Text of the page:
specification for fuels will give these temperatures
and the percentages of the fuel allowed to boil
For a fuel to have satisfactory handling
off to meet the desired standards.
characteristics, it must be noncorrosive and should
not clog fuel filters, even at very low temperatures.
Flash Point and Fire Point
The fuel should not produce vapor lock in the fuel
tanks or in the various fuel pumps or slugging out
The flash point is the temperature at which
of the fuel tank vents. (Slugging is the process by
which liquid fuel is carried along with vaporized
the fuel vaporizes enough to ignite with an out-
side heat source. The flash point of a fuel is an
fuel when the vapor escapes to the atmosphere.)
index of its potential safety for handling and
As far as possible, the fuel should have enough
storage. Ships require at least a 140°F flash point
of the properties of a lubricant to avoid significant
wear of the fuel-metering pumps.
for storage for safety reasons. The fire point is
the temperature where the vapors continue to burn
without an outside heat source.
Aircraft fuels must have a minimum tendency
Heat Energy Content
For aircraft engine use, it is important that the
in the efficiency of the engine results when these
fuel contain as much heat energy (thermal value)
deposits build up in the engine.
as possible, both per unit weight and per unit
volume. The thermal value is the amount of heat
expressed in calorie or British thermal units (Btu).
Only materials that will be effective when
NOTE: A calorie is the amount of heat
added in a maximum concentration of 5 percent
needed to raise the temperature of 1 gram
are considered as liquid additives. Beyond this
concentration, the material may be considered as
of water 1 degree Celsius. A Btu is the
amount of heat required to raise the
temperature of 1 pound of water 1 degree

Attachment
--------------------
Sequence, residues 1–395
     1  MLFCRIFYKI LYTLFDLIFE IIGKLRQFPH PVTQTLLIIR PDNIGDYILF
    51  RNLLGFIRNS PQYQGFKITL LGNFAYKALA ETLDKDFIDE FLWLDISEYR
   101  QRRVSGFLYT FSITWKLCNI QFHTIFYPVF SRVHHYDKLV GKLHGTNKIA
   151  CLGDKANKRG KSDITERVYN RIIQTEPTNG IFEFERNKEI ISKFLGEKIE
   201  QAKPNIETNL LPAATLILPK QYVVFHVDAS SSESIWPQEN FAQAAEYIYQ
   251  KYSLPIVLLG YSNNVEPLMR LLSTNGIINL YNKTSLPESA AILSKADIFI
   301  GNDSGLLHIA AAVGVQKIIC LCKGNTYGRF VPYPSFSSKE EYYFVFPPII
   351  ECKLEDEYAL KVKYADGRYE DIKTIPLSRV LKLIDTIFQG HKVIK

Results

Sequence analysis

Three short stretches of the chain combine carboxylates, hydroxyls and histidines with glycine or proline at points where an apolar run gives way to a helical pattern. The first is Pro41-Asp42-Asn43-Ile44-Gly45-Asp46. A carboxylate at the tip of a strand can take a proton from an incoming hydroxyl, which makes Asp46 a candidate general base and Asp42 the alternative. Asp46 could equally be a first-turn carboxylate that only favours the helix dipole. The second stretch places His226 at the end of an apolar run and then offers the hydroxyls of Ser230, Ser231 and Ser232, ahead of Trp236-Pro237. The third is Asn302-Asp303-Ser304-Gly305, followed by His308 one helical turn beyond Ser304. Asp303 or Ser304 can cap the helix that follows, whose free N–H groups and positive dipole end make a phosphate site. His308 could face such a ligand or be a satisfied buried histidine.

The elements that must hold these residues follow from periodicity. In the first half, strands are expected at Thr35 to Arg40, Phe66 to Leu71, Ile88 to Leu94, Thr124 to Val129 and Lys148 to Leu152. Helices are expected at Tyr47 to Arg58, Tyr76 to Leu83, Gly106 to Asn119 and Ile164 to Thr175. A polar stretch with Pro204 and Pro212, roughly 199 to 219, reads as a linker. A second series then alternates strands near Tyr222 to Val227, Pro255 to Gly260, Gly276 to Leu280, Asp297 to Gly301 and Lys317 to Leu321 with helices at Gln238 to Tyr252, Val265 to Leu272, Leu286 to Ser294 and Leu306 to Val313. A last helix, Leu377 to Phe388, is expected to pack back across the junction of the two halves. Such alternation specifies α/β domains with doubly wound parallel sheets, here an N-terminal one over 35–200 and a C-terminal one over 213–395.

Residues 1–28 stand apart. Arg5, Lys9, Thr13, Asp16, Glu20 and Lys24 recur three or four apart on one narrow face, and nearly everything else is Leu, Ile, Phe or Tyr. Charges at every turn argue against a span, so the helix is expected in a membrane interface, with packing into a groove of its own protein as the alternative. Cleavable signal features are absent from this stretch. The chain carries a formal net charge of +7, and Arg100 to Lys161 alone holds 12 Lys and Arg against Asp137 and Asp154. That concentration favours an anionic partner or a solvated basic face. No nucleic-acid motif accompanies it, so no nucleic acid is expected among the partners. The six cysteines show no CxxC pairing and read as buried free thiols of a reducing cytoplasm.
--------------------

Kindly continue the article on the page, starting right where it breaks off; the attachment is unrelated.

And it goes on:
Fahrenheit. One Btu equals 252 calories.
Gum inhibitors used in military gas turbine
fuels are the same as those used for military
Thermal value per unit of weight increases as
aviation gasolines. In aviation gasoline, gum is
almost always completely soluble and becomes
gravity increases. Energy content and density
apparent only when the gasoline is evaporated.
influence fuel selection when range or payload are
the limiting factors. This is important to under-
Both soluble and insoluble gum, especially the
insoluble form, can be expected to have serious
stand when the aircraft will be weight-limited
effects on the fuel system of the turbine engines.
rather than volume-limited.
The fuel-metering pumps, fuel pumps, and fuel
filters are likely to be seriously affected by
insoluble gum. The soluble type can be expected
to cause difficulty in the fuel system, at points
where microscopic leakage occurs and exposes
that tends to prevent it from flowing. Turbojet
The microscopic fuel leaks will usually appear at
engine fuels should be able to flow through the
fuel system and strainers under the lowest
operating temperatures to which the engine will
Certain aircraft require a minimum con-
be subjected. Fuel viscosity and density also have
centration of fuel system icing inhibitors (FSII).
considerable effect on nozzle performance,
This is put in the fuel to prevent icing in the air-
especially when varied over a wide range. The
frame fuel system, engine filter, or engine fuel
control. FSII materials are considered to be
performance is viscosity. It affects drop size, flow
dangerous before their additions to fuel;
range, and spray angle. Changes in fuel density
therefore, shipboard injection is not approved.
affect fuel flow.